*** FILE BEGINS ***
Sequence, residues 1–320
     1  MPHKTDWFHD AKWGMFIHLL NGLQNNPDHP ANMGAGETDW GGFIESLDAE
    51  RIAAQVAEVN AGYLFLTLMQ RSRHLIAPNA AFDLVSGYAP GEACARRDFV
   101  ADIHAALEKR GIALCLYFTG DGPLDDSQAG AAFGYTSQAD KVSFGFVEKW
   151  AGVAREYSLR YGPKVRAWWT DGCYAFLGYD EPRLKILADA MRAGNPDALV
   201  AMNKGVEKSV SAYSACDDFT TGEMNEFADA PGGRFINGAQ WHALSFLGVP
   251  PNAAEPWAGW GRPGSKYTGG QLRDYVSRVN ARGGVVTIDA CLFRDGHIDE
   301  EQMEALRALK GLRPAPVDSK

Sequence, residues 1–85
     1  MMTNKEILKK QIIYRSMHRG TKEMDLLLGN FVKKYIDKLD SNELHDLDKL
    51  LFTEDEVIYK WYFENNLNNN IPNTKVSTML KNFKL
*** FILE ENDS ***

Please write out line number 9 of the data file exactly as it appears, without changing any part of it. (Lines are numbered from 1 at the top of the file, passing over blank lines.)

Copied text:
Sequence, residues 1–85